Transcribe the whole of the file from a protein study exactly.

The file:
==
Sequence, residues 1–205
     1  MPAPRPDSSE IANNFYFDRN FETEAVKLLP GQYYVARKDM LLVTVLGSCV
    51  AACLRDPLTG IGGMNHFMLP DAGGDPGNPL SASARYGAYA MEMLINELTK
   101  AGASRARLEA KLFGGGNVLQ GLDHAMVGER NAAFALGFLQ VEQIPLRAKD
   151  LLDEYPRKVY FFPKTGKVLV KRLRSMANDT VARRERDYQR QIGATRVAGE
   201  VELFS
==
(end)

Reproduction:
Sequence, residues 1–205
     1  MPAPRPDSSE IANNFYFDRN FETEAVKLLP GQYYVARKDM LLVTVLGSCV
    51  AACLRDPLTG IGGMNHFMLP DAGGDPGNPL SASARYGAYA MEMLINELTK
   101  AGASRARLEA KLFGGGNVLQ GLDHAMVGER NAAFALGFLQ VEQIPLRAKD
   151  LLDEYPRKVY FFPKTGKVLV KRLRSMANDT VARRERDYQR QIGATRVAGE
   201  VELFS